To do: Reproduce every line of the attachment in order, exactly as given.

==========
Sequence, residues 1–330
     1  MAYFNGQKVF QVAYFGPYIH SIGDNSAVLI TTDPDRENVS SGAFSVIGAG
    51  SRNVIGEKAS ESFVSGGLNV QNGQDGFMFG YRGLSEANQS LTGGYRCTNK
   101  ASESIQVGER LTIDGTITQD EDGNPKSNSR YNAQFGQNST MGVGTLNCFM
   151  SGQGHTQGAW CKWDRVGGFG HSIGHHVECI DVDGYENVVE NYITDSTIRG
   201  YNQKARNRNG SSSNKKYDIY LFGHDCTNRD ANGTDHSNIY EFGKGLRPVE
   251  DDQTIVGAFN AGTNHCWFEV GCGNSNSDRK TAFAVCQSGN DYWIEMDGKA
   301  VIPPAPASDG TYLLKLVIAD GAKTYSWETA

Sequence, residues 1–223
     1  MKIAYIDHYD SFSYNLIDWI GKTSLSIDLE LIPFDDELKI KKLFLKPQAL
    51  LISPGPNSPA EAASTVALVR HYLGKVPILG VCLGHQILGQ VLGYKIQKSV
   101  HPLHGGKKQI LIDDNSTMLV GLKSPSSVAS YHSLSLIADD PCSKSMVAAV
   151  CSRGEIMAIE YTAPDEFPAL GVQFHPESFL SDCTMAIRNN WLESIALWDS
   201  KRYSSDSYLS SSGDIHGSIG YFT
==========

Sequence, residues 1–330
     1  MAYFNGQKVF QVAYFGPYIH SIGDNSAVLI TTDPDRENVS SGAFSVIGAG
    51  SRNVIGEKAS ESFVSGGLNV QNGQDGFMFG YRGLSEANQS LTGGYRCTNK
   101  ASESIQVGER LTIDGTITQD EDGNPKSNSR YNAQFGQNST MGVGTLNCFM
   151  SGQGHTQGAW CKWDRVGGFG HSIGHHVECI DVDGYENVVE NYITDSTIRG
   201  YNQKARNRNG SSSNKKYDIY LFGHDCTNRD ANGTDHSNIY EFGKGLRPVE
   251  DDQTIVGAFN AGTNHCWFEV GCGNSNSDRK TAFAVCQSGN DYWIEMDGKA
   301  VIPPAPASDG TYLLKLVIAD GAKTYSWETA

Sequence, residues 1–223
     1  MKIAYIDHYD SFSYNLIDWI GKTSLSIDLE LIPFDDELKI KKLFLKPQAL
    51  LISPGPNSPA EAASTVALVR HYLGKVPILG VCLGHQILGQ VLGYKIQKSV
   101  HPLHGGKKQI LIDDNSTMLV GLKSPSSVAS YHSLSLIADD PCSKSMVAAV
   151  CSRGEIMAIE YTAPDEFPAL GVQFHPESFL SDCTMAIRNN WLESIALWDS
   201  KRYSSDSYLS SSGDIHGSIG YFT